Television | Theater Critic's Choice | Chicago Reader


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Nostalgia sucks; and for obvious reasons, it's even worse when punks are involved. With this in mind, beware Television reunion concerts. Two things about the group can't be overstated: the allure of its original recordings--the glorious Marquee Moon (1977) and Adventure (1978)--and its symbolic importance. The albums rang, and still ring today, with an eerie limitlessness; Tom Verlaine's gulped vocals, the somehow reptilian cast of his and Richard Lloyd's guitar work, and a gripping atmospheric overlay evoked a dark and beckoning netherworld. As for the band's importance, remember that it defined the outer edges of a scene--New York punk in the mid-1970s--that some people didn't think went past three chords and a tube of glue. Television's elongated musical odysseys and Verlaine's surrealistic lyrics--far more than Talking Heads' self-conscious intellectualism--proclaimed that punk was an idea, not a sound. Television, the album accompanying the current tour, is not as bad as you might think: parts of the first two songs, in fact, display a dark beauty and a propulsive authority. But the record's only other notable feature is the band's well-wrought persuasive argument for the mannered music they make. They might as well have spent the past 14 years inventing the internal combustion engine. Opening is the local jazz-lite duo Ellen Rosner and Camille, a rather odd choice; the band wanted an acoustic act to open the show. Sunday, 7:30 PM, Metro, 3730 N. Clark; 549-0203.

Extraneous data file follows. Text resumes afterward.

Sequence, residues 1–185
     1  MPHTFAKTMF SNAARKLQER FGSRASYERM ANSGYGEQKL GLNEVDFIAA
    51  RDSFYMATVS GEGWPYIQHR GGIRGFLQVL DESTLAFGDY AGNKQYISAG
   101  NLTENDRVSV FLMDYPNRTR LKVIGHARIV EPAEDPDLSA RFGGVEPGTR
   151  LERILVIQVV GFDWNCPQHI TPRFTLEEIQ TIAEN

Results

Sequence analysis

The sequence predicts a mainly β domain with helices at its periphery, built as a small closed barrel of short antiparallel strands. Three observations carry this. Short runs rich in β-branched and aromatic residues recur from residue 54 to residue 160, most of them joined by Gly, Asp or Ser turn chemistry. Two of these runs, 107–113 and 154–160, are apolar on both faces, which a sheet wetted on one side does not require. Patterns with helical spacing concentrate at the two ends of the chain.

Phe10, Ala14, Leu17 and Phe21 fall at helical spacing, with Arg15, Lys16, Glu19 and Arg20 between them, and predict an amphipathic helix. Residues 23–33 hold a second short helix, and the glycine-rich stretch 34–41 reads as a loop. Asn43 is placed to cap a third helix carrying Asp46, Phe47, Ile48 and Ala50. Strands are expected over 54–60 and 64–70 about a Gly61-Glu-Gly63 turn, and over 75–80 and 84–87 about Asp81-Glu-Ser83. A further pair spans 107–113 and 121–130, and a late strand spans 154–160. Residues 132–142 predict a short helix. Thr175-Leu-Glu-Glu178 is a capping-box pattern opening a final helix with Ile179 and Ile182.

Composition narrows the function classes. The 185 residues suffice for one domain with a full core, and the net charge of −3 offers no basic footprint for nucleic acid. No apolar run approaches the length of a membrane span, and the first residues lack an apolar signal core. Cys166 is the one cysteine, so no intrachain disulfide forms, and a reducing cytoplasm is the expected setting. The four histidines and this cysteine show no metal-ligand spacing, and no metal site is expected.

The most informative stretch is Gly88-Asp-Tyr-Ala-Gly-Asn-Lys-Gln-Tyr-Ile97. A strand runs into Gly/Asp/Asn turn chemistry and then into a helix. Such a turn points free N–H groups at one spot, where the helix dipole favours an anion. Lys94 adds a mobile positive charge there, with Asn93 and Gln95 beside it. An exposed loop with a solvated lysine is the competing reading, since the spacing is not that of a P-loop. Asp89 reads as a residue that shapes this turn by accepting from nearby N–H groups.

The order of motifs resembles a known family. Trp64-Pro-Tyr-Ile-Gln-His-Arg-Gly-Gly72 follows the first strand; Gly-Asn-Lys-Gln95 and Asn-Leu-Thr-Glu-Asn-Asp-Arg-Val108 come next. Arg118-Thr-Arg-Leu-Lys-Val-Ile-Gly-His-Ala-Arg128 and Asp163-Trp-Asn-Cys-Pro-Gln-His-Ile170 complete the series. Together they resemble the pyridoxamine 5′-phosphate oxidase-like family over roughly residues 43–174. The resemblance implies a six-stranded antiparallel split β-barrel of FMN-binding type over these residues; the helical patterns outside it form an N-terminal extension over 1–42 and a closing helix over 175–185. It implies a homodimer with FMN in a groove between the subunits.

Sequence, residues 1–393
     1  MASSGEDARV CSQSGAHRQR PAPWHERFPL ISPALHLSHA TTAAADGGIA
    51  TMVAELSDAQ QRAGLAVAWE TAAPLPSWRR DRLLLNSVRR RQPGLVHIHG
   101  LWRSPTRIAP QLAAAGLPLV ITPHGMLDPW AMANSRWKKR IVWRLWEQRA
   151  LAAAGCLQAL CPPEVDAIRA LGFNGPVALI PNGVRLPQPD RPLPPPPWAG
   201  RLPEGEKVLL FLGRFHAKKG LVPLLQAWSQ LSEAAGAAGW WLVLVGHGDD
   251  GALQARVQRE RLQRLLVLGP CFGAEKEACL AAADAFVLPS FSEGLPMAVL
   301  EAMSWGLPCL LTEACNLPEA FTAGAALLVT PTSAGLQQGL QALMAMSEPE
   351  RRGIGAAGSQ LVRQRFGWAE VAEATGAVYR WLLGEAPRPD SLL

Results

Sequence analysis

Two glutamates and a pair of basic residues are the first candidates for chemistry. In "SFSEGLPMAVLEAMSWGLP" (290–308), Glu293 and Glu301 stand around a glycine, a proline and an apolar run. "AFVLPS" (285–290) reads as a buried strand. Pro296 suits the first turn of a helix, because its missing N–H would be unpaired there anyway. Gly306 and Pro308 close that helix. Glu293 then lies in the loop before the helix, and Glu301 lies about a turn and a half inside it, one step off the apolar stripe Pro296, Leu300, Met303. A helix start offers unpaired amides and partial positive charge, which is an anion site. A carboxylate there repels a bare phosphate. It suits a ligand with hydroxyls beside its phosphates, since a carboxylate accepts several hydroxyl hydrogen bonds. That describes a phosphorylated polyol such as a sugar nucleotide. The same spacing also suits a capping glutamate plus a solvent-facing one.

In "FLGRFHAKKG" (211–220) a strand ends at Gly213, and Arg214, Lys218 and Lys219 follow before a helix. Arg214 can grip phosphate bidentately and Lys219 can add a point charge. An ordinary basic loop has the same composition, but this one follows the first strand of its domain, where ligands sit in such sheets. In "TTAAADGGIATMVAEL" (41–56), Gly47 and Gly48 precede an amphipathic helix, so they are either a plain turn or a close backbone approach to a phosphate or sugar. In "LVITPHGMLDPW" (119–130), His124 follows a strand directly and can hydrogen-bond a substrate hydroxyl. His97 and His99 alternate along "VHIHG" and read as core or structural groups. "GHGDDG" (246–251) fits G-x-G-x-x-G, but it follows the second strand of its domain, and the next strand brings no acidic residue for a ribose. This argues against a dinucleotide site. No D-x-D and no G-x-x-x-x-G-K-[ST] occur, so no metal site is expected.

Art accompanying story in printed newspaper (not available in this archive): photo/John Telfer.

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